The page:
Friday, December 4, 2020

Happy Friday

Trump’s new role model is Grover Cleveland.

On the day that President Grover Cleveland left the White House after losing his bid for re-election, his wife, Frances, told the staff to take care of the mansion. “I want to find everything just as it is now when we come back again,” she said. “We are coming back just four years from today.” And they did.

Nearly 128 years after the Clevelands’ triumphal comeback, President Trump is signaling that he may try to become only the second president in American history to win another term after being defeated. Even as he insists that he did not lose the 2020 election, Mr. Trump has been laying plans to run again in 2024 with a kickoff as early as this month or possibly on his successor’s Inauguration Day.

If Trump runs in 2024 — and there’s every indication he will — he would throw a huge turd in the punch bowl for the rest of the GOP aspirants such as Ted Cruz, Tom Cotton, Marco Rubio, and Josh Hawley, all of them who represent some element of Trumpism, be it snotty behavior, warmongering, evangelical Christian nutsery, and racism. Their only hope is that Trump is under indictment to clear the field, but even then, it’s unlikely that would dissuade him. Trump would wipe them out and then lead the party again down the abyss of another defeat since Trump has yet to crack 47% of the popular vote. So, by all means emulate Mr. Cleveland.

Relaxation Therapy:

An orchid from Taylor Nurseries, Monroe, Michigan.

Friday, July 24, 2020

Happy Friday

All of a sudden the Republicans realized that holding a convention in the middle of a pandemic was not a great idea.  The Democrats figured that out a few months ago and have already come up with alternatives.  But the GOP is going to host a giant Zoom meeting with all that goes along with it (“Hey, you’re still muted!”) and then try to make the case that while it’s too dangerous to hold the convention, schools must be re-opened.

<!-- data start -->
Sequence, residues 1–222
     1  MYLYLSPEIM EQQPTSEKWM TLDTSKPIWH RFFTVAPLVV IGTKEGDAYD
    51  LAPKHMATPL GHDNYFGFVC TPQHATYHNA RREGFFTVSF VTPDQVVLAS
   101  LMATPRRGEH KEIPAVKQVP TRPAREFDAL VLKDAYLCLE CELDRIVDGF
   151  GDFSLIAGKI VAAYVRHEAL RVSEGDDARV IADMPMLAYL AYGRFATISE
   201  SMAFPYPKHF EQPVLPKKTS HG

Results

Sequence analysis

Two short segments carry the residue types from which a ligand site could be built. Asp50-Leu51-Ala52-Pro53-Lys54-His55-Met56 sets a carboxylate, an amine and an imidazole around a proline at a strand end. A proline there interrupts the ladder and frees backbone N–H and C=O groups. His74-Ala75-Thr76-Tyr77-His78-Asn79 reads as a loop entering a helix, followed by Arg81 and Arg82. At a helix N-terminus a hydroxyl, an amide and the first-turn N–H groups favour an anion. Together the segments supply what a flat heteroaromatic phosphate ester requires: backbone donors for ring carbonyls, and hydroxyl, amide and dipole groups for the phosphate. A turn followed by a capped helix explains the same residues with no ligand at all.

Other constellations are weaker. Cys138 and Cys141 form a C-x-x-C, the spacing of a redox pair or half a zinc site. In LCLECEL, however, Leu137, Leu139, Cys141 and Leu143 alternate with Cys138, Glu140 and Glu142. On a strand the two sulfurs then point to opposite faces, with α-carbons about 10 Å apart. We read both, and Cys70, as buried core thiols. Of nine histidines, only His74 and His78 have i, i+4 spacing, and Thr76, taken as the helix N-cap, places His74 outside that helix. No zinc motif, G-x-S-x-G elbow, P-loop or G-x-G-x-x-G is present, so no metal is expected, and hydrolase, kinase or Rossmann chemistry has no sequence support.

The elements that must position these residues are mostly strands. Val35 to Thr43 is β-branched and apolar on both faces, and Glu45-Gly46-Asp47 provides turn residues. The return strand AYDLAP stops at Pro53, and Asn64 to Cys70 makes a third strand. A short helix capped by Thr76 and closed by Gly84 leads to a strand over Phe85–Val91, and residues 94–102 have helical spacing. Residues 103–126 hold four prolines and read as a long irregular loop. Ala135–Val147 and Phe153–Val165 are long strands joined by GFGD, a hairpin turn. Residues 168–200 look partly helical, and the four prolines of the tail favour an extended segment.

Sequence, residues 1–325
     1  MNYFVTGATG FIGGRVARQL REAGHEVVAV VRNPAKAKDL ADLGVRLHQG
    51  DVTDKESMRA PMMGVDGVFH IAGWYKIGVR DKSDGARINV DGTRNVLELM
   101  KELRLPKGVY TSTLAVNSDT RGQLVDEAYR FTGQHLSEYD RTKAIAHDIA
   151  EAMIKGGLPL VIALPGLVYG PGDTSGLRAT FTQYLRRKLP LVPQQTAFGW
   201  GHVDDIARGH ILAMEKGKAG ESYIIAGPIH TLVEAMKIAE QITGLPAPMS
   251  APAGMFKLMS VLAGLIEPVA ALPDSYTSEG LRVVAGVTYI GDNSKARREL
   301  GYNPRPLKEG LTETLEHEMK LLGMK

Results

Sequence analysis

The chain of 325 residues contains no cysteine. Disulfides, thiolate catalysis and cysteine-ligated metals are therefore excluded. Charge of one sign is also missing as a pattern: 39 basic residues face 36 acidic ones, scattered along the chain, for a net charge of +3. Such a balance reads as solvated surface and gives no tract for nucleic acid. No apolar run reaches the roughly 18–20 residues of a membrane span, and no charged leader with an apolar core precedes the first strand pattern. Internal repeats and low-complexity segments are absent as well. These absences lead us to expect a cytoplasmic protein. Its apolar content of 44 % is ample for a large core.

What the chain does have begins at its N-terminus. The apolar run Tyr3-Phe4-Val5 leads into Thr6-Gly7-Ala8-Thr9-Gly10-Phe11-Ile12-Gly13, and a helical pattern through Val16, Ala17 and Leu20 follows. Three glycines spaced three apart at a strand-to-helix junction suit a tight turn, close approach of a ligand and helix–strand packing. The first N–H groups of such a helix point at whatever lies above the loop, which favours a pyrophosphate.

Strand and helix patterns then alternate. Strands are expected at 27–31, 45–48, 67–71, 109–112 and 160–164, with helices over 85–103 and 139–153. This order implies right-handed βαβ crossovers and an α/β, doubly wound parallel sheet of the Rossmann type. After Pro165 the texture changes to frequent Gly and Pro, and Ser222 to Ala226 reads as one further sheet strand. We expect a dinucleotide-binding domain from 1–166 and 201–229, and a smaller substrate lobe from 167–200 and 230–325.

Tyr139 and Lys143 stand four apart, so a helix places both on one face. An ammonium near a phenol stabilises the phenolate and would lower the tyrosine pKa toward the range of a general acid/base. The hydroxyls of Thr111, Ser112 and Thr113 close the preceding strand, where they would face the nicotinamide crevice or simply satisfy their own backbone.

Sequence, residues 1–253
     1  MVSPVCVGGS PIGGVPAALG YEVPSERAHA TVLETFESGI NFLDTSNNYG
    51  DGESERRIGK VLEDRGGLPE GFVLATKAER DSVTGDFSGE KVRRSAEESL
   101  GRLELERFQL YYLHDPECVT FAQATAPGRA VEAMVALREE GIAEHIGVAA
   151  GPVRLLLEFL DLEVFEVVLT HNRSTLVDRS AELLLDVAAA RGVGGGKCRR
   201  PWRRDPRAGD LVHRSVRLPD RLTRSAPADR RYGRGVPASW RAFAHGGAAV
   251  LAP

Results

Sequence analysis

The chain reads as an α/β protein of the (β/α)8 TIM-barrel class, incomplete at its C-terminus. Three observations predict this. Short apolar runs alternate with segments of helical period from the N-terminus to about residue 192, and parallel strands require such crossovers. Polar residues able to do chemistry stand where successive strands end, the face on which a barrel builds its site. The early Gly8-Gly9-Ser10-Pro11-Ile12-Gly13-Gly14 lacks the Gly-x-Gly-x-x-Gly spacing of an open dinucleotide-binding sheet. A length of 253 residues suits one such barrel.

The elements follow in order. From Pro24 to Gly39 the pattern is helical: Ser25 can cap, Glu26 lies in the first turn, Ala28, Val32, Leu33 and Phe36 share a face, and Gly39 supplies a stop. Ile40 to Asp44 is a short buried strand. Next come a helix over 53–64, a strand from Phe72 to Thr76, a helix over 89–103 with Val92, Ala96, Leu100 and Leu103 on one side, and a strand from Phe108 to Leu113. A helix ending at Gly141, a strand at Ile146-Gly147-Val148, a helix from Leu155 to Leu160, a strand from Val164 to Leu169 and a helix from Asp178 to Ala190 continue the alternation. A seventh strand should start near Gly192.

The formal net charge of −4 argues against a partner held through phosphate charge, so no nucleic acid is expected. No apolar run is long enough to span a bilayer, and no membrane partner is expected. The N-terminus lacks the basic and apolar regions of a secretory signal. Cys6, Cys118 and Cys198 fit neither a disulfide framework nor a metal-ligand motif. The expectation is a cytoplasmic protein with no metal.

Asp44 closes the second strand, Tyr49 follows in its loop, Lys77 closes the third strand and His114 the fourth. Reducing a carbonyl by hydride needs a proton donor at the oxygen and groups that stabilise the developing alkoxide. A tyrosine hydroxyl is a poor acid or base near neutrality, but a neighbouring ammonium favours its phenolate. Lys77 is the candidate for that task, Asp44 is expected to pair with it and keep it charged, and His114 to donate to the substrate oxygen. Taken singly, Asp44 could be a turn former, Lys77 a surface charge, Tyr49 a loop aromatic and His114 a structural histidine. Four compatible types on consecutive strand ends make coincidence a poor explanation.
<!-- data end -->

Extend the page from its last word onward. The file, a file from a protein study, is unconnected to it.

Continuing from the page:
Meanwhile, the Senate Republicans can’t even agree between themselves what to do about the stimulus bill to replace the one that is going to end a week from today and throw a whole lot of people into limbo regarding their unemployment payments.  And we’ve passed 4 million cases of Covid-19.

On the upside, or at least a glimmer of hope, Biden is leading Trump by 13 points here in Florida.  But remember that polls don’t matter.  Do they?

A moment of zen to appreciate some backyard nature.

Sunday, March 8, 2020

Wednesday, December 4, 2019

Friday, November 29, 2019

Friday, May 17, 2019

Monday, January 22, 2018

Saturday, July 22, 2017

Tuesday, May 30, 2017

Summer Blooms

My dendrobium is blooming.

This is the orchid I won at the first Cars in the Garden show at Fairchild Tropical Botanic Gardens three years ago. The great thing about growing orchids in Florida is that it’s their natural habitat. Hang them up in the back yard and let nature take its course.

Sunday, September 25, 2016

Tuesday, June 14, 2016

Tuesday, December 29, 2015

Wednesday, December 23, 2015

Saturday, December 19, 2015

In The Bleak Midwinter

Actually, we’re in the near-end of autumn, and the first real cool front of the season has blanketed South Florida with nice comfortable temperatures and lower humidity.  The chili pepper vanda is in bloom again while the other vanda is getting very close.  The hibiscus is always showing off.

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Saturday, October 24, 2015

Saturday, July 11, 2015

Saturday, May 23, 2015

Saturday, November 29, 2014

Sunday, September 28, 2014

Friday, August 15, 2014

Friday Orchid Blogging

Despite my reputation as the Grim Reaper of Gardening — I can kill a geranium — I am able to keep orchids alive.  You might remember that back in May I won an orchid at the Fairchild Tropical Botanic Garden car show.  It did okay in the kitchen window, but it became obvious that it needed to be liberated from its plastic container.  I had an empty orchid hanging basket left over from a long-departed philodendron, so I cleaned it out, put some orchid bark in it, and moved the dendrobium out to a branch on the north side of a hibiscus where it will get some shaded sun and plenty of air and rain.

Let’s see how it does.

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